He serves on the IEEE Reliability Society AdCom and the IEE Digital Reality Initiative,and chairs the IEEE Reliability Society Technical Committee on Systems of Systems. He is a contributor of four chapters in the "Handbook of RAMS in Railways: Theory & Practice" (CRC Press, Taylor & Francis),2018, including a chapter on "PHM in Railways ‘(Ch.6). In January 2020, he was awarded the Alan 0. Plait Award for the best tutorial at the RAMS conference, " Designing for Availability in Systems, and Systems of Systems".

    His main research interests focus on the confluence between RAMS and PHM, as well as complex systems resilience and asset management.

    A Review of Modeling Remaining Useful Life Dynamics in Reliability Engineering

    Pierre Dersin

    CRC Press, 2023

     In my opinion, this is a very important addition to our reliability engineering technology.  It provides a comprehensive and definitive treatment of the modeling of remaining asset life.  More significantly, the construction is new, insightful and broadly applicable.  This book should become a part of every reliability engineer’s reference library.

                The key and very significant contribution of the text is that the author shows that the remaining useful life of an asset can be modeled using a linear or a piecewise linear function of time or in some cases of a transformed time scale.  The author specifically shows that this feature of the residual life occurs in all of the most commonly used probability models of life duration.  He shows that the (piecewise) linear relationship occurs for exponential, uniform, Dirac, Weibull, Lognormal, Pareto and Gamma life distributions and also for gamma process and Weiner process degradation models.  In each case, he shows the mapping from the life distribution parameters to the (piecewise) linear remaining life models.  In addition, he constructs the time scale transform for those distributions where it is needed. The result is an analytical framework for obtaining a residual life measure that can be the basis for efficient maintenance planning – especially for predictive maintenance planning.

                The text is well organized and provides complete explanations of the analytical details.  The author starts with definitions of Remaining Useful Life (RUL), the Mean Residual Life (MRL) which is the expected value of the RUL and the “RUL loss rate” which is the derivative of the RUL and characterizes the ongoing evolution of the RUL. He then establishes the general relationship between the MRL and the reliability function.  This relationship forms the basis for the RUL analyses that follow and these analyses are also substantial.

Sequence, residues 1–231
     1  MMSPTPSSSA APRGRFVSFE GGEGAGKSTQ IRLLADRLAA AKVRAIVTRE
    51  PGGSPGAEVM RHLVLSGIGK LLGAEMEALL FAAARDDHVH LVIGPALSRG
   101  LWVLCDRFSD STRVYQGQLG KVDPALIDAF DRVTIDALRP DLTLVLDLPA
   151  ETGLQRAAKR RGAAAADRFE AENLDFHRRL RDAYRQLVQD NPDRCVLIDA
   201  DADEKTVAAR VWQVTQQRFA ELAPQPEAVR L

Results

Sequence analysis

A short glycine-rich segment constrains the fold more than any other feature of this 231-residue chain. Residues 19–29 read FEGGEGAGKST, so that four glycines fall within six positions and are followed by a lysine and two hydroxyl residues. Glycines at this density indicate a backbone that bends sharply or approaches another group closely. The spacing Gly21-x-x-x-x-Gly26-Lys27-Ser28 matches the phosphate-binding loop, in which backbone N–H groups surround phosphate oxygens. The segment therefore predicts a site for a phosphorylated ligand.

The continuing constructions, include the definition of confidence intervals for the RUL, the parametric definition of the linear time functions for the MRL, the coefficient of variation for the RUL and the determination of the relationship between the confidence interval for the RUL and the RUL Loss rate.

                Following an excursion into moment generating functions and cumulative hazard functions, the author generalizes the previous results to MRL measures that are piecewise linear functions of time.  Once this generalization is established, the author defines the non-linear time transformation that allows the MRL for most life distributions to be expressed as piecewise linear functions.  He specifically shows the construction for several cases in which  commonly used life distributions and also to degradation models.

                The author devotes a complete chapter to the examination of the properties of the time transformation that allows for the linearization of the MRL based on so many commonly used life duration models.  This assures that the reader has a full view of the power of the analysis that has been presented.

    At this point, the analytical construction is really complete.  Nevertheless, the author continues further to show the applicability of the method to cases of multiple failure modes and he then addresses statistical estimation methods.  As part of this treatment, he explains the possibility of using Bayesian estimation strategies in the analysis.  

    He completes the text with a discussion of maintenance planning models and methods and with a suggestion of where ongoing research seems appropriate.    These discussions are insightful and useful but in my view, the exciting feature of this text is that the treatment of RUL is so thorough that the results developed will support the formulation of predictive maintenance strategies.  I think that every reliability engineer that is working with asset management questions should read this text and use it as a basis for using asset monitoring information to define efficient adaptive maintenance plans.

    In closing, I suggest that this text will become one of the classic standard references for reliability engineers.

     Joel A. Nachlas, Ph. D.